I am about halfway through my shadowing experience for this summer. It has been an enlightening experience so far. I have been able to view Dr. Cataldo during a mixture of surgeries and in the clinic. I have experienced firsthand patient-physician interactions and physician-physician interactions. I have felt the concerns and questions patients raised with their doctors and saw how the doctors tried to alleviate the concerns. On my first day of shadowing, I was able to sit in on the tumor board. The tumor board is where doctors and nurse practitioners come together to discuss patients that have cancer and how each patient should be treated. Afterwards there was a tumor clinic where the doctors saw the patients that they had discussed an hour before. The doctors who attend the clinic were a mixture of oncologists, radiation oncologists, and the two colorectal surgeons. There were also nurses and nurse practitioners. I have been to the tumor board and tumor clinic a couple times now. Each time I find it exciting but scary to hear the doctors discuss the patients and then be with Dr. Cataldo when he saw the patients discussed in the past hour because I can see how the doctors implement the treatment they have discussed.
I have been able to observe a few surgeries so far. I have seen a mixture of open surgeries, laparoscopic surgeries, and surgeries with a robot. I was worried that I would feel sick from watching the operations but that has only happened once. The operations have intrigued me. Operations involve many different types of equipment and medical personnel. I have learned that surgeries are a team effort. It is not just the surgeon performing the operation alone. There is a circulating nurse, a surgical technician, an anesthesiologist, either an anesthesiologist resident or a certified registered nurse anesthesiologist, the surgeon, and the surgical resident. Teamwork is an essential component of a successful surgery. No one works alone in the medical field. There is a lot of collaboration between doctors and other practitioners in the medical field. Also, you can always ask others for help when you need it.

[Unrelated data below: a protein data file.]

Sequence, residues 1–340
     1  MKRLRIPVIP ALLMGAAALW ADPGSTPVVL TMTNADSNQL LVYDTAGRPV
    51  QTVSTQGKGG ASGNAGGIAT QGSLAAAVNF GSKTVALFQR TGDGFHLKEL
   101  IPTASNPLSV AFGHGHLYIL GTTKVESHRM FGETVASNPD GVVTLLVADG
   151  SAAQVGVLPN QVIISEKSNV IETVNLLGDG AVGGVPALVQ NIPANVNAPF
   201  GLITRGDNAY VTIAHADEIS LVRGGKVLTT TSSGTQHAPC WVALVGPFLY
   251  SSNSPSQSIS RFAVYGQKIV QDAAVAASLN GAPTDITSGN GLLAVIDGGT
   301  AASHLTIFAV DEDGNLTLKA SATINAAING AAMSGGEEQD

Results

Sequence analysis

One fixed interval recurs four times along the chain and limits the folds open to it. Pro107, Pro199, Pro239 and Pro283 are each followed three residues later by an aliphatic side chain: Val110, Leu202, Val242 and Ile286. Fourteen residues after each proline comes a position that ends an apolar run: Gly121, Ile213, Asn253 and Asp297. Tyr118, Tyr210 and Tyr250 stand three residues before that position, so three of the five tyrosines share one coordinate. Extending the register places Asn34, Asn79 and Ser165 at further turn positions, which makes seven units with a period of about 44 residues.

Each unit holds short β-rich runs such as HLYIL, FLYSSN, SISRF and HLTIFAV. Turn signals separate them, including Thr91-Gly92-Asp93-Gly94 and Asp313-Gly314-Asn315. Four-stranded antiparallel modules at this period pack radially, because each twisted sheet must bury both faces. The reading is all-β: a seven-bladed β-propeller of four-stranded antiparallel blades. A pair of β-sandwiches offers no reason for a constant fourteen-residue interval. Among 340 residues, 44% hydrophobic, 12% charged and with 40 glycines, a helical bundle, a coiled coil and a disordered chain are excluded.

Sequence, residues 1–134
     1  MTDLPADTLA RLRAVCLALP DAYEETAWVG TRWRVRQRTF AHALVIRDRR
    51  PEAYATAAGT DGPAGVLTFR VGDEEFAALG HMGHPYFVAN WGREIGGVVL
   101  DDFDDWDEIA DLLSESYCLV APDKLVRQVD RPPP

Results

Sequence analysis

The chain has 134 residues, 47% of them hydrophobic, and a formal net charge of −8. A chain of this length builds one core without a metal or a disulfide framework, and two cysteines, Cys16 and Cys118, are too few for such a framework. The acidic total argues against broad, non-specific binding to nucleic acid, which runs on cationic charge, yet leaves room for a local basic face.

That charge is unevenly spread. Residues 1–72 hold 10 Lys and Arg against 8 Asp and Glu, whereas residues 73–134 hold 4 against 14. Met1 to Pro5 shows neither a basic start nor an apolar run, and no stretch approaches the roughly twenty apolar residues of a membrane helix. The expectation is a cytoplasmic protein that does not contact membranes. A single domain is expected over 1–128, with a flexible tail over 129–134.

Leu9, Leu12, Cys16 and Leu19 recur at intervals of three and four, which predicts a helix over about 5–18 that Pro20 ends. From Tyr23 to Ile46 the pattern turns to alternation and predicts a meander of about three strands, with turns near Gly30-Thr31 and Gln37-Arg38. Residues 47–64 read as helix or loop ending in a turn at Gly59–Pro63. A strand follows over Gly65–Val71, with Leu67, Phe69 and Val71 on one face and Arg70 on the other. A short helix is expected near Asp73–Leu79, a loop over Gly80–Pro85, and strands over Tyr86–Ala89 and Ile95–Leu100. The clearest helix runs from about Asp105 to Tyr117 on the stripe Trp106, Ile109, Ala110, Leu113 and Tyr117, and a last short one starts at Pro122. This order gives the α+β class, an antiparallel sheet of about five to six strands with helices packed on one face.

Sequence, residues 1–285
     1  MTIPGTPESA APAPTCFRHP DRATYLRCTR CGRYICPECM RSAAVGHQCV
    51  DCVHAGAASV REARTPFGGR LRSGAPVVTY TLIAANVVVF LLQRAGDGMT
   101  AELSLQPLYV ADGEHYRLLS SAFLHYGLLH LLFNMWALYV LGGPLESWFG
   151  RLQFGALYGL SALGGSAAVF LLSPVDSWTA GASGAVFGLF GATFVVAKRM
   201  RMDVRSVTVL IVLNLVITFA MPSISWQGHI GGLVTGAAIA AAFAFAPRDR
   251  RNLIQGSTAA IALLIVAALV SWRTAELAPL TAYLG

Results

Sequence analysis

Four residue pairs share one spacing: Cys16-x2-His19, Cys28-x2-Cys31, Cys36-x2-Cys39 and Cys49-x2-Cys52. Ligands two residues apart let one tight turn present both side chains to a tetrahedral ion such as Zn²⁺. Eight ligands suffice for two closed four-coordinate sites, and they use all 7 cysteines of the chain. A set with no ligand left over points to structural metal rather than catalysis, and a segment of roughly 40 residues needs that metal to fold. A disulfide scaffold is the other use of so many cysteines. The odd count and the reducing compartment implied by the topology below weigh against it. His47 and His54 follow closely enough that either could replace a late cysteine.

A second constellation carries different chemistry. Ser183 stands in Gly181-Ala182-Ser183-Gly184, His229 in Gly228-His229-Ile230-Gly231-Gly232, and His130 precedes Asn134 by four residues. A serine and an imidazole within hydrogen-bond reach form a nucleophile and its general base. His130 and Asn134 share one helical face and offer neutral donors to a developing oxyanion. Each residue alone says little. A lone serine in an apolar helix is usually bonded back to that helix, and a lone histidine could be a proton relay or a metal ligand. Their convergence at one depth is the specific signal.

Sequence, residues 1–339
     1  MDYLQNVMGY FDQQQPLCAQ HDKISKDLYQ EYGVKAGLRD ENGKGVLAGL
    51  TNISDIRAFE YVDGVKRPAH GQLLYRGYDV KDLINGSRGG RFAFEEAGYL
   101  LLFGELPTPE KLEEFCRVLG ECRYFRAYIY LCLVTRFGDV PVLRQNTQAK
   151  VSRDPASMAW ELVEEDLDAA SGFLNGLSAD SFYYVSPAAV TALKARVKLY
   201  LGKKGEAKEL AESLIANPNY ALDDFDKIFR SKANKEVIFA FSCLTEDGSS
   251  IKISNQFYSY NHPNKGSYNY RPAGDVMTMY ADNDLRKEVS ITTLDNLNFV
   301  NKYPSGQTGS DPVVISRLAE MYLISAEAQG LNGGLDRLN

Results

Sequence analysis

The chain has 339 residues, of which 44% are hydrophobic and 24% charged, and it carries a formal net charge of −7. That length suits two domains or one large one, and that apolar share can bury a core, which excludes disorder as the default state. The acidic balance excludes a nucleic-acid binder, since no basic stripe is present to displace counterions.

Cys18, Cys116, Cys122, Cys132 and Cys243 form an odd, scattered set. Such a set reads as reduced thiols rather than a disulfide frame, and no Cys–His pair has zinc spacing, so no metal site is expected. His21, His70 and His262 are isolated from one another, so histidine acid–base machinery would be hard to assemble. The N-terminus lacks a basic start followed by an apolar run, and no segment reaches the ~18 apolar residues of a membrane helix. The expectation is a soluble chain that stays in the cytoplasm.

Based on my experiences to date, I have found that the medical field differs from university and academic life because practicing medicine is not just about knowledge but putting that knowledge to practice. While attending university, students learn all about the anatomy of the human body and about disease. Although that learning is necessary to becoming a doctor, caring for patients requires using knowledge to calm patients and treat them. Doctors need to have more than just book knowledge; they also need a certain amount of street smarts. I have learned the importance of sociology and psychology with respect to medicine. With each patient, there is a psychosocial examination performed. It is important to take into account the social and psychological background of each patient to better understand the patient’s life and how the disease that one has affects his or her life. I have enjoyed learning that sociology is important in medicine because I have very much enjoyed the sociology classes that I have taken at Brandeis. I now see that my concerns that they would not be very useful for medical school are unfounded.
My shadowing experience so far has taught me to have a greater appreciation for teamwork and communication skills. My communication skills have improved as I have interacted with Dr. Cataldo, his colleagues, and his patients. I have learned that it is okay to work together in order to accomplish a goal. When Dr. Cataldo has clinic, the resident or nurse practitioner is the first to go in the room to see the patient. The resident or nurse practitioner then reports back to Dr. Cataldo and then he goes to see the patient. I also have learned the importance of thoroughly listening. A doctor must careful listen to a patient’s problems before giving a response or diagnosis.
One thing that I have learned about myself from shadowing is that I love the clinical work. I like being able to interact with the patients. Not only learning from them about their conditions, but also hearing their fears, concerns, and hopes. My shadowing experience has reaffirmed my goal of helping people through the medical profession.